Doris Ma is the Lesson Leaders and Ambassadors Coordinator Intern with One Health Lessons. She is also a Toastmaster and this was her speech in San Francisco last month.
To answer this, first, let me give a quick background to the last few years of my life. Hopefully, it is not too boring!
Let us travel back to my undergraduate dissertation, a time in my life where I started to truly value the impact of education. My dissertation aimed to identify factors as to why young people engage in risky sexual behaviours. One of the main points I discovered was that countries, like the Netherlands, promote inclusive sex ed systems and fair low with sexually transmitted infections (STIs), abortions and sex-related crime. Teachers aim to normalise sex and promote discussions at younger ages. In comparison countries where sex was ultimately discouraged through their sex ed systems, like the US, who promote abstinence and have fewer sexual discussions, especially in younger classrooms. Risky sexual behaviours and STIs were high. This made me think… Both countries are telling their students to be safe and to avoid risky sexual behaviours. So why such a difference? Easy answer, right? The importance was in HOW the message was educated.
Since then, my interest within education grew. After my graduation, I started to work as a Health Science Teacher. Now, I am by no means an experienced teacher as I do not have any teaching qualifications and only have a few years’ experience. My teaching experience has also been split into classroom teaching and having to teach virtually (two completely different ballgames). However, one thing which is so important that I have personally seen is the importance of being passionate. Students relate to a teacher who is teaching because they believe in what they are teaching… showing them WHY it is important, and not just teaching information just because that is their job.
Now, let us address the specific question: why I applied for the Senior Promotions Intern position? I applied for an internship where it is possible to combine my two passions: education and One Health. So why now? The answer is in one word: COVID-19.
The pandemic has caused global chaos and, devastatingly, we have lost numerous lives to the SARS-CoV-2 virus. But let us try to take a positive from the awful current situation. An important factor in working towards change is relevance. If it does not impact a person directly, usually a person soon loses interest. Now, every individual, regardless of geographic location, income, age somehow has been affected from COVID-19. Through One Health education, everybody can become One Health advocates and change some everyday behaviours to respect the planet we all live on. As Senior Promotion Intern, my aim is to effectively support the global One Health education movement and teach more people about the importance of the One Health approach.
If you are interested in wanting to know more about One Health or have any questions, please feel free to contact me via LinkedIn. You could be someone’s inspiration! Let’s synergize our efforts! Let’s collaborate!
Paris Emmerson is the 2021 Summer Senior Promotions Intern and is completing a Masters degree in Global Health.
As an immigrant to the United States originating from poor means, I was cognizant from a young age how enrichening and enabling an education could be to one’s circumstances. From my roots, I also discovered how one’s environment may have an effect on one’s mindset, or one could, if self-aware, make the choice to focus on what they may control and see how it affects others (One Health).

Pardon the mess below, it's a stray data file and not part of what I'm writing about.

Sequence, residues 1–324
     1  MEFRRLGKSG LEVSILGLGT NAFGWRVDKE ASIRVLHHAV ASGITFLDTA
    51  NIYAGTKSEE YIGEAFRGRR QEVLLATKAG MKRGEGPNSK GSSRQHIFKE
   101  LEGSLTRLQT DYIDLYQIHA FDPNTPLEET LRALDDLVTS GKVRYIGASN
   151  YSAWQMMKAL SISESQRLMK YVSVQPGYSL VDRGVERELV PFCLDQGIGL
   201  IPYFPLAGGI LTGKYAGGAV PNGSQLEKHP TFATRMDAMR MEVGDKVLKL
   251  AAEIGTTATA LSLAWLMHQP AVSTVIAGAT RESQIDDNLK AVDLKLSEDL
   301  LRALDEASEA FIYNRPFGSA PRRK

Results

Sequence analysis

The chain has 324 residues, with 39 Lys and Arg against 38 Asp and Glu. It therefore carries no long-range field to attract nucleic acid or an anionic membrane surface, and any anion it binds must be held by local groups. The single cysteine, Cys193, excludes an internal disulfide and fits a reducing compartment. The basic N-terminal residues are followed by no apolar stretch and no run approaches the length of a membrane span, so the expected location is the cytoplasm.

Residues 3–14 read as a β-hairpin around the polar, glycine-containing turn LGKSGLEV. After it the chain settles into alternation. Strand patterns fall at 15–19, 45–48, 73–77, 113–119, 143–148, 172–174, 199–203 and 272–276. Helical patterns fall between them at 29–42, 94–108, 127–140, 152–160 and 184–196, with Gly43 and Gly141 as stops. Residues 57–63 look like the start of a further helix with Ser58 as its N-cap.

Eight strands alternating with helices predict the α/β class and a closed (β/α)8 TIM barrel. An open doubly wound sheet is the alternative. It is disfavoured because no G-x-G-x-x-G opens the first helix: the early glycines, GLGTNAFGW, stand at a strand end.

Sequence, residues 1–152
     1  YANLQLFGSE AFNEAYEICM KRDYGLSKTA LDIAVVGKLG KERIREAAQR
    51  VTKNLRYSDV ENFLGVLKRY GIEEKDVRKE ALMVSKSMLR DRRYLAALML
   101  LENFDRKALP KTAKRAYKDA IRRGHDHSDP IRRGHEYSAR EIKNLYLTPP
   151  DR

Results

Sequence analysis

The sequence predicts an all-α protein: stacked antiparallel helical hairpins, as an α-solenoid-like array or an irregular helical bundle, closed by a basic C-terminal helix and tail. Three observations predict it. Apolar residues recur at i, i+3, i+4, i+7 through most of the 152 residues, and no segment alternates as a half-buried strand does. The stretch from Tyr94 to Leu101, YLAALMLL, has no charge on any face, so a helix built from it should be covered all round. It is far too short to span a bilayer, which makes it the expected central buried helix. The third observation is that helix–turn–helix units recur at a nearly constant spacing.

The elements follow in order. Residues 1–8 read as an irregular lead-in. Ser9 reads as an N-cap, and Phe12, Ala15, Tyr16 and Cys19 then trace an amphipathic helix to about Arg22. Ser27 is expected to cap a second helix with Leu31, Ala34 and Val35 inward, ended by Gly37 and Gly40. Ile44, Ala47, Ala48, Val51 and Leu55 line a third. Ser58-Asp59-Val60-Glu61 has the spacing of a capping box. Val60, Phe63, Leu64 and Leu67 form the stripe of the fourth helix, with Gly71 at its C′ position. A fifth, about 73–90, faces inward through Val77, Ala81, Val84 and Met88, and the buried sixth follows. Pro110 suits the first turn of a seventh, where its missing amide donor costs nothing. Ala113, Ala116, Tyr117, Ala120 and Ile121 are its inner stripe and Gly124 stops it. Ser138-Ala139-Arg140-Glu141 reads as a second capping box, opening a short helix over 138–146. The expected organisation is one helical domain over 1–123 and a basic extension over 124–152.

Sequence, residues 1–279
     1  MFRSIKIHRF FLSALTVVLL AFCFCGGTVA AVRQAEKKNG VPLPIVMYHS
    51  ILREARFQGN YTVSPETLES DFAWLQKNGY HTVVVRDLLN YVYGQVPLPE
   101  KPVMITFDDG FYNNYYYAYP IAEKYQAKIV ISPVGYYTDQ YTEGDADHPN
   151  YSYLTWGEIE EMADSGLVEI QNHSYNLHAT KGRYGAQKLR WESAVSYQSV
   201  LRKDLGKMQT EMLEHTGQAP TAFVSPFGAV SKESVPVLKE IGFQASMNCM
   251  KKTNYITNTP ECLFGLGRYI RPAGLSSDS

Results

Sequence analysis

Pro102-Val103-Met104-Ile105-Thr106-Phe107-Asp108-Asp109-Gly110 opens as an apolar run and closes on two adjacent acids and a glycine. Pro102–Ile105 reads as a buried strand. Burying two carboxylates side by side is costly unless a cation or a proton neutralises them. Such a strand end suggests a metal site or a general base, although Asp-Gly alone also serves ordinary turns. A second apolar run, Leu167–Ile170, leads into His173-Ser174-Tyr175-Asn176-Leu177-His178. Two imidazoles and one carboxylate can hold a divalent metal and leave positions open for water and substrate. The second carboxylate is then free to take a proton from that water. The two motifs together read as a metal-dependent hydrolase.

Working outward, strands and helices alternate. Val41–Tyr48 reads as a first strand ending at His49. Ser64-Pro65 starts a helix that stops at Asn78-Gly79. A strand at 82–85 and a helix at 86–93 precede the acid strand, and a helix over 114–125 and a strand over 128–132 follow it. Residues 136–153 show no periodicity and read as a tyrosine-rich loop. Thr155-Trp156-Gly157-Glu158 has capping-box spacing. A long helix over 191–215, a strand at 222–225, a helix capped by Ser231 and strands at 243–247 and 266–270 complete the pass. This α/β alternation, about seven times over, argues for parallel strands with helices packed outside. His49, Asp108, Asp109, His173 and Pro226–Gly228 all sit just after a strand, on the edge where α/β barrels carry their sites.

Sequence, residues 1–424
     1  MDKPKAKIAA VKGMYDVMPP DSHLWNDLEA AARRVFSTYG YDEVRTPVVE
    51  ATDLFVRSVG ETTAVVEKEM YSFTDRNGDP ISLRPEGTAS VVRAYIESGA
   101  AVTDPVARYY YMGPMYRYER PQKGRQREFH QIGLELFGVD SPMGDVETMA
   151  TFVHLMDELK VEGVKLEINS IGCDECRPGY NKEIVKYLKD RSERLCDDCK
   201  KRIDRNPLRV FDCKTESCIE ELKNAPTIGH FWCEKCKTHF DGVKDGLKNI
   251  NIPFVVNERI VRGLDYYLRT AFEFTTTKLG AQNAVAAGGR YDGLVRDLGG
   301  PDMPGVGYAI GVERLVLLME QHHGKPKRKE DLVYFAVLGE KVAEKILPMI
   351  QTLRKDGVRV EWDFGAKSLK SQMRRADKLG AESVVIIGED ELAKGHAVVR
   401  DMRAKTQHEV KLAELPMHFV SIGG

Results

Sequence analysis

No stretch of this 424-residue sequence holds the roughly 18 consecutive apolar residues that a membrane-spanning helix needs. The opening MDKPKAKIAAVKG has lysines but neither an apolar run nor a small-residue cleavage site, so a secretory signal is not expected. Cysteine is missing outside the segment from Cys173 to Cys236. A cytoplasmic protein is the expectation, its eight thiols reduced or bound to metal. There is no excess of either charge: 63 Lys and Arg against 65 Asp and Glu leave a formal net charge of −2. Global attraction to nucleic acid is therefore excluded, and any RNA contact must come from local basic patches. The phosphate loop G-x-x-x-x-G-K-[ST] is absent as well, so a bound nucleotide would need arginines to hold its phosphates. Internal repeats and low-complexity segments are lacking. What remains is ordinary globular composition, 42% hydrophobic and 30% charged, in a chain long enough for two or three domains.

So now, as we experience the effects of COVID-19, a new environmental factor with a significant effect on our world and our health, I wished to share my perspective and understanding, from self-education and through education, on responding to environmental effects. For I am a physiologist, one who studies our health and how the environment (e.g. medicine, spaceflight, etc.) affects us through the lens of STEAM, and through this lens, responding to the challenges of one’s environment may be simplified as such:
Seek challenges that are greater than the challenges of one’s environment. In doing this, one learns more about themself, and in turn, may reduce one’s environmental impact.
Challenges sought may be diverse and unique to the individual. For myself, I identify as an exerciser, a musician, a life-long learner. You may be different and may have different challenges. Regardless, sharing and supporting others through handling of their own challenges are important. Some ideas to stimulate action in people who want to positively contribute to their local environments at this time:
This virus is a challenge, just like any other, and as with all challenges, will fade eventually and turn into a memory.
In turn, how one may choose, pending one’s circumstances, to view and experience this challenge, and maybe even learn from it, is also a choice. An opportunity to, truly, learn about and start to practice One Health.
Dr Sunny Narayanan is a NASA Space Technology Postdoctoral Fellow at Florida State University and has a background in biology and mechnical engineering prior to becoming a physiologist.
What did I do when the world closed down amid a pandemic? I spoke up. Literally. I leaned into the community I had in the Toastmasters International organization where I am a member in a local club. Toastmasters International is a non-profit educational organization that teaches public speaking and leadership skills. I found an opportunity in this community to expand my world even as I was mandated to stay home because I was able to join other club meetings virtually.